It’s a strange feeling listening to the third Libertines album in 2015, since it’s a moment few thought would actually happen. Between their debut Up the Bracket in 2002 and their second self-titled album in 2004, the band were known as much for the dispute between frontmen Carl Barât and Pete Doherty as they were for their leadership of the garage rock revival movement in the UK. While Barât and Doherty started as visibly close friends, Doherty’s notorious drug use constantly affected their recording and touring until Barât barred him from playing with the band. This bickering was so prominent it was the subject of two songs on their self-titled album, and for a while reconciliation seemed as likely as the Gallagher brothers making amends. Despite their long-lasting influence on the British indie rock scene for years to come, it seemed like The Libertines would join the ranks of bands that only put out a few exemplary releases before calling it quits.
In the years since this split, Barât and Doherty have remained on the scene with other musical projects. In addition to solo releases, Doherty released three albums with his band Babyshambles and Barât released two albums with Dirty Pretty Things (a band that also included Libertines drummer Gary Powell and touring guitarist Anthony Rossomando). Barât also released an album with his band The Jackals earlier this year, which found its members through open auditions. All of these projects had their strengths and weaknesses, but could seemingly never live up to what The Libertines had done.
Potentially with this in mind, The Libertines started reuniting for shows in 2010 and began regularly playing together in 2014. Plans for a new album were announced at the beginning of this year when Doherty finished his rehab treatment, and it looked like The Libertines were ready to put the past behind them and pick up where they left off. As far as the content of the new album, the bar was set fairly high by both their past acclaim and an 11-year wait.
Up The Bracket was a chaotic mix of raw guitar riffs and Cockney accents. The Libertines had a cleaner sound with more deliberate notes and more comprehensible vocals. Now Anthems For Doomed Youth is to use a cliché – a more “mature” album. This is to be expected to a degree, given the years of substance abuse, depression, and rehab that have marked the band’s past. Recklessness has been abandoned for reflection, and hopeful proclamations for cynicism. This does entail an overall milder sound, but don’t think this means The Libertines are anywhere near defeated.
Musically Anthems for Doomed Youth is all over the place, which may disappoint any fans hoping for another solid garage rock release. There’s still some garage remnants in the back to back tracks “Heart of the Matter” and “Fury of Chonburi,” along with the late-album “Glasgow Coma Scale Blues,” but the rest of the album is either too precise or too mellow to fit this bill. Opening tracks “Barbarians” and “Gunga Din” have influences of punk-reggae a la The Clash, which is slightly ironic since Mick Jones produced their first two albums but not Anthems. Regardless, they end up being standout tracks. Elsewhere, “Fame and Fortune” sounds vaguely of Franz Ferdinand and “Belly of the Beast” has a hint of country to it.
Anthems for Doomed Youth is otherwise big on softer songs, which isn’t wholly new territory for the band (see “Radio America” and “Music when the Lights Go Out”). This experience shows on the title track, which builds into a crescendo at the chorus and is another album highlight. There’s also the piano ballad “You’re My Waterloo,” which is a bit of a strange fit, and album closer “Dead for Love” that seems to pull out all the grandiose stops yet remains somewhat anticlimactic. And while these songs commit to their tone, songs like the ominous “Iceman” and decaffeinated rocker “The Milkman’s Horse” seem to waver.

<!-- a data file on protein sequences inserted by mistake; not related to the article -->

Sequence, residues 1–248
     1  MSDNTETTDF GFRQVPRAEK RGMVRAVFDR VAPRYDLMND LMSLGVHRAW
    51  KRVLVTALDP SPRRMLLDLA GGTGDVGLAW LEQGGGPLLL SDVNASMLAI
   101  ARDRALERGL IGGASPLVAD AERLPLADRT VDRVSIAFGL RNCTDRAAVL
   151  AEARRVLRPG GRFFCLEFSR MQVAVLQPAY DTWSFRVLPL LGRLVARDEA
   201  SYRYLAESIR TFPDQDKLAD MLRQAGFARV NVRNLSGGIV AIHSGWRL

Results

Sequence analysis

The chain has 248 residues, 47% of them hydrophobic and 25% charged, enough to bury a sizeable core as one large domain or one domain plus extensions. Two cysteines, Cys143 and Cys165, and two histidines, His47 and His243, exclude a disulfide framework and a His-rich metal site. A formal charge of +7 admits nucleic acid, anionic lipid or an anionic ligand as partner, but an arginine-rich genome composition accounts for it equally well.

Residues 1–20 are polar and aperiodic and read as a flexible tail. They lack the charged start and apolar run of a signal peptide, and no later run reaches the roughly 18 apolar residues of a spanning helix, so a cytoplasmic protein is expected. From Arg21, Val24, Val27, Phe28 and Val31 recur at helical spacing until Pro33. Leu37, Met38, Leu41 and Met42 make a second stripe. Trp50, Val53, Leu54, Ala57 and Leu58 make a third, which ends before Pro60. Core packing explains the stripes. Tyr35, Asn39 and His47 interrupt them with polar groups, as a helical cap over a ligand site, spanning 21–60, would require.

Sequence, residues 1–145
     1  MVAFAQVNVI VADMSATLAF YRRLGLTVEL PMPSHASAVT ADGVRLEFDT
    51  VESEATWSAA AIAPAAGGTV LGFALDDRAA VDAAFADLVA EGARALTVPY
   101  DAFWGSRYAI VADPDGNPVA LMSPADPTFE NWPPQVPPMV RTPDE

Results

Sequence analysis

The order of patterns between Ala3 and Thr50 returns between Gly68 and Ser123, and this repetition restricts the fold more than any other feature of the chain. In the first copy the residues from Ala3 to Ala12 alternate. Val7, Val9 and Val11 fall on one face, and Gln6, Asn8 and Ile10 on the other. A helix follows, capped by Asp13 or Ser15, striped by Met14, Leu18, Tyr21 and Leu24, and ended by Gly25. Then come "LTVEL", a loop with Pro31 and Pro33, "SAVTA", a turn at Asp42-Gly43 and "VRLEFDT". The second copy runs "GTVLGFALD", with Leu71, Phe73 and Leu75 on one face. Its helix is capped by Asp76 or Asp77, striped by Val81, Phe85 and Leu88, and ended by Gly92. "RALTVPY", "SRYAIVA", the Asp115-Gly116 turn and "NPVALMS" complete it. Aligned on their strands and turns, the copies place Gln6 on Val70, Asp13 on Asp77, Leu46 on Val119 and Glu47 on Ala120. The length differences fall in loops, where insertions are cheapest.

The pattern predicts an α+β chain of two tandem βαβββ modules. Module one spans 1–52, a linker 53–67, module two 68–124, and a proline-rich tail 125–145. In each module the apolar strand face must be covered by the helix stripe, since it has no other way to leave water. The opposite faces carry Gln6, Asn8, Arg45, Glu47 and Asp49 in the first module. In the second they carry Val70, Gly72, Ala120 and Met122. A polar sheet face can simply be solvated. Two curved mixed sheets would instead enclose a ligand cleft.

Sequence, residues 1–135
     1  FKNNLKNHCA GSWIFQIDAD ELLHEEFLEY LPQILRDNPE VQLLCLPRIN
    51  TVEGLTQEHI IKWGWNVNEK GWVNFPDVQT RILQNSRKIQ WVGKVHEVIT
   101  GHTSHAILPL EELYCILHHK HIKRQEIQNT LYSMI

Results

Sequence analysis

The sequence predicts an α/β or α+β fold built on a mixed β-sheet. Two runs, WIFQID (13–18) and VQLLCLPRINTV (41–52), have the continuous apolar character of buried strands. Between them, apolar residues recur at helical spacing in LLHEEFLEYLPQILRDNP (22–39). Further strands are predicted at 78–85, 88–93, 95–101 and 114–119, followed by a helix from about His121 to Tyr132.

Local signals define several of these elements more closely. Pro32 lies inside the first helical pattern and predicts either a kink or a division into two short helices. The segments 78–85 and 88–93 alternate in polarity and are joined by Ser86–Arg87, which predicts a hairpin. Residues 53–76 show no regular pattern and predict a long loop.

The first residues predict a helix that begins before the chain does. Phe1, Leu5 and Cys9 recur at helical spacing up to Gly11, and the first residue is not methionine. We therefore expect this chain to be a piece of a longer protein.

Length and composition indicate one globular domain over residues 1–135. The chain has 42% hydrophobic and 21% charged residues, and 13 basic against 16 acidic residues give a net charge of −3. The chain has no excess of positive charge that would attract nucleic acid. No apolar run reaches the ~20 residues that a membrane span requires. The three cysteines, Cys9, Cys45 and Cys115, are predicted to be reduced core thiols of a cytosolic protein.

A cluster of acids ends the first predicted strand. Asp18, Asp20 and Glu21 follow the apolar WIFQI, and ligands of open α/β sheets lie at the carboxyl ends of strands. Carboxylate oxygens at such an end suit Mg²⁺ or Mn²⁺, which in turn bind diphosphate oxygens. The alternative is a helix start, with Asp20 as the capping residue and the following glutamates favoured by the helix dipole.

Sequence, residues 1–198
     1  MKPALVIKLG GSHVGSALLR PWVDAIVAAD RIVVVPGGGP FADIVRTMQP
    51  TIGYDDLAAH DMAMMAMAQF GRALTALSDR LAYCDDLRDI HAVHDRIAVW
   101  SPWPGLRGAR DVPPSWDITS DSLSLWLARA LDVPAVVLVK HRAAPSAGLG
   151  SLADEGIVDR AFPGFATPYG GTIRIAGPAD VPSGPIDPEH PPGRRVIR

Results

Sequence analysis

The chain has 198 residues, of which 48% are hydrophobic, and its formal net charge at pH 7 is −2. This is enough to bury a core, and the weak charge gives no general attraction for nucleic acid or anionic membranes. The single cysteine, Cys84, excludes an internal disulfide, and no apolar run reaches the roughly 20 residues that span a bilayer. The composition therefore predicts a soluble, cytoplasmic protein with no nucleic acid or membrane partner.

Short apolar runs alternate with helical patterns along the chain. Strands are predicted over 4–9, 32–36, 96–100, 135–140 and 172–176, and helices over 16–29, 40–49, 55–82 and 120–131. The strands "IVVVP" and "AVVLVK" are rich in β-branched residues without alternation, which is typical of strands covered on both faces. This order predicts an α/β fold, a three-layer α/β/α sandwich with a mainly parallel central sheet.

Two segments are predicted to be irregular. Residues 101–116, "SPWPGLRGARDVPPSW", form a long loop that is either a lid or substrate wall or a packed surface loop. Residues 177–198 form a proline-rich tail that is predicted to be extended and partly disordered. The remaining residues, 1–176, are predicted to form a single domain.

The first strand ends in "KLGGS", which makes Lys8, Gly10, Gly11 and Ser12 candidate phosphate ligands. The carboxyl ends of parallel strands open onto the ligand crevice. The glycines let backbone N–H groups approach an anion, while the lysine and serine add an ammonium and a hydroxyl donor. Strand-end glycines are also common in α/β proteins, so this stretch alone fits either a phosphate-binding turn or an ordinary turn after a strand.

As expected, the lyrics on Anthems for Doomed Youth deal heavily with the Barât-Doherty dynamic. Only this time, there’s no playful “can’t take me anywhere” banter like that on “Can’t Stand Me Now.” Instead, we have “we thought that they were brothers then they half-murdered each other” on the title track and “the only thing that kept us apart was your cold unloving heart” on “Glasgow Coma Scale Blues.” Elsewhere, they deal with their former addictions, with “Gunga Din” referencing heroin and alcohol and “Iceman” warning listeners to learn from Doherty’s drug-riddled past. While this might make it seem like a gloomy album, there is a hint of defiance in lines like “the world’s fucked but it won’t get me down” on “Barbarians.” After all, The Libertines have made it this far, a place few though they would be again. Or in Doherty’s words, “with all the battering it’s taken, I’m surprised it’s still ticking.”
While the bar was invariably set high for Anthems for Doomed Youth and it may not live up to years of hype, it would be very difficult to call it a disappointment. Its relative tameness and branching into new musical styles may disappoint some fans, but a reprise of the wilder sound from over a decade ago could seem insincere for the band members and anachronistic for the indie scene they themselves helped create. After all, bands like The Strokes and Arctic Monkeys have moved on from their garage rock origins, and distorted repetitive riffs have lost out to synthesizers and psychedelic influences over the years. This also may explain why the album’s more frantic garage tracks aren’t terribly memorable when compared to the reggae-tinged songs or the title track. Anthems For Doomed Youth also lacks the simplicity and catchiness of the first two Libertines albums, which makes it inopportune as an introduction to the band. However, it should reward longtime fans that are content to add some depth and hope to the band’s saga.